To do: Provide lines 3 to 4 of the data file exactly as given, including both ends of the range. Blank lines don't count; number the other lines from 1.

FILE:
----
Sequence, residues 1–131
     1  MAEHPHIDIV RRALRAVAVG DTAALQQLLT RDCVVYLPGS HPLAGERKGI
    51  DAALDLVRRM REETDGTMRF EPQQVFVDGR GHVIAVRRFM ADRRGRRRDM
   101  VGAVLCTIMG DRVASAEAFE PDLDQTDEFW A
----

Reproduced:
    51  DAALDLVRRM REETDGTMRF EPQQVFVDGR GHVIAVRRFM ADRRGRRRDM
   101  VGAVLCTIMG DRVASAEAFE PDLDQTDEFW A